The food crisis is not a lack of food in the market. Rather it has been a legacy of our subscription to skewed global trading systems at the expense of our communities and culture.
The currentrecession,been the result of an economic crisis has coupled with the increasing world oil prices and the politics of food distribution. Furthermore, the increase in the food prices has been exacerbated by the delay of food exports from China, Vietnam and India, the region’s biggest food producers.
In Indonesia, the food crisis hits the most vulnerable people in the urban informal and agriculture sectors. To survive, the people sell or pawn their valuables such as jewelry, bicycles and furniture. Some are also obtaining loans.
People are reducing both their calorie and protein intakes. More and more are also switching to cheaper processed food that contain preser vatives and chemicals dangerous for human health. Not surprisingly, cases of marasmus and kwashiorkor are increasing. In urban areas, some mothers and children are attempting suicide in desperation.
Indonesia is a vast archipelago but 80 per cent of its land surface consists of dry uplands. Thus the existing plant vegetation allows the growth of diverse varieties of food crops, which are also beneficial to the body.
Tubers and fruits, for instance, are rich sources of good calories and vitamins. However, because of the politics behind rice production strategies, where rice has been promoted as the basic staple crop, the population has become quite heavily dependent on rice for their diet.
Aliansi Petani Indonesia
(API) is a national coalition of peasant organisations in Indonesia that aims to strengthen the country’s peasant movement and its advocacies, campaigns and initiatives towards ensurings people’s access to land. API is also facilitating linkages between local farmers and international groups, especially in the opposition to the World Trade Organisation’s Agreement in Agriculture. In organising and mobilising communities, API has helped in information-exchange and capacity-building programmes. It has also embarked on the documentation of agrarian cases in the country.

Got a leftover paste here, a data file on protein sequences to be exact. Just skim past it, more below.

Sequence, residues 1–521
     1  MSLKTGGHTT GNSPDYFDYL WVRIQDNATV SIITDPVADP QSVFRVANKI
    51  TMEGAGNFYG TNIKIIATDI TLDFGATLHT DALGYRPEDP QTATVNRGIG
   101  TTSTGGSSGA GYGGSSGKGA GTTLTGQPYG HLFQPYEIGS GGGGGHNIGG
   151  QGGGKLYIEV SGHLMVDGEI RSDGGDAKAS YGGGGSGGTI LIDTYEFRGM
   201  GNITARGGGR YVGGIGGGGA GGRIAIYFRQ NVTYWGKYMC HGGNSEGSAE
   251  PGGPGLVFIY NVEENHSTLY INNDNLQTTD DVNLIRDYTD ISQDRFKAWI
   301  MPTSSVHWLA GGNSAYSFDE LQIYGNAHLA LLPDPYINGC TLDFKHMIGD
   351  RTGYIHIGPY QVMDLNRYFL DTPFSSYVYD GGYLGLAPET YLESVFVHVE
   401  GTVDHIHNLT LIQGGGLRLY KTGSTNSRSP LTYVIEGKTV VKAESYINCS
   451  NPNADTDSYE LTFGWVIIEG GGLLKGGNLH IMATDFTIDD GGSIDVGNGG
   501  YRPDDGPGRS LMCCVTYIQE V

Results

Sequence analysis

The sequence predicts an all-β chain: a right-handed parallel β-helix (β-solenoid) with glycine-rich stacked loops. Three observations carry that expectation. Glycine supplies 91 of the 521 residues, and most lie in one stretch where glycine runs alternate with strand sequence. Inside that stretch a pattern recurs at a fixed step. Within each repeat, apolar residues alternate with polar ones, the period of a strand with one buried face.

Indeed, this has had an impact on culture. We say we have not yet eaten, if we have not yet eaten rice. Also, when the rural folks entertain their guests at home, they exchange their local rice varieties with the hybrid varieties of rice from the nearest store, thinking that the latter is better. This conquest of rice culture is breaking up the diversity of non-rice food crops in the country, which actually have been a part of our heritage.
Indonesia is facing food scarcity, which translates to a scarcity of rice. Aside from the increasing population, we have also seen the increasing conversion of rice lands.
The government’s policy to address this issue has been through a direct assistance programme called “Raskin,” meaning rice for poor people. Surprisingly though, the biggest beneficiaries of Raskin are peasants who are landless or agricultural labourers, who are supposed to produce their own food.
However, in the farmers’ organisation in East Nusa Tenggara, an area of high vulnerability to food insecurity and malnutrition, the peasant members of Aliansi Petani Indonesia are reducing their intake of rice. They eat rice for just one day each week. The peasants, especially the women farmers, promote local food such as corn, which is resistant to climate fluctuations and high in protein. They also consume yam.
The local peasant organisations are reaching out to social institutions that can help revive the traditions of the local food system, which can provide both calories and nutrition for the rest of the community.
In the plateau area, the peasants operationalise a family-based strategy by cultivating non-rice food crops such as tubers—cassava, yam, suweg (Amorphophallus Campanulatus B1), porang and jewawut or cereals in the family garden.
If they achieve surplus production, they employ various food preparations, turning their produce into local snacks like the cassava and yam-based food products, gatot and tiwul and sell them in the traditional markets. Thus, besides maintaining the food system in the family and community, they derive an added value in the form of processed food and an opportunity to earn some more.
We believe that we can still be healthy and live fully without consuming rice. However, we have to re-orient the farmers and the communities of consumers on the politics and dynamics of food issues.
We also have to increase women’s access and control of food resources, provided by their surrounding natural environment, including knowledge on the health benefits of various food resources.
We know that to re-educate our farmers and consumers about the consumption of traditional food crops is a struggle requiring high commitment. But this can certainly be done. In fact, the farmers in East Nusa Tenggara are showing us the way.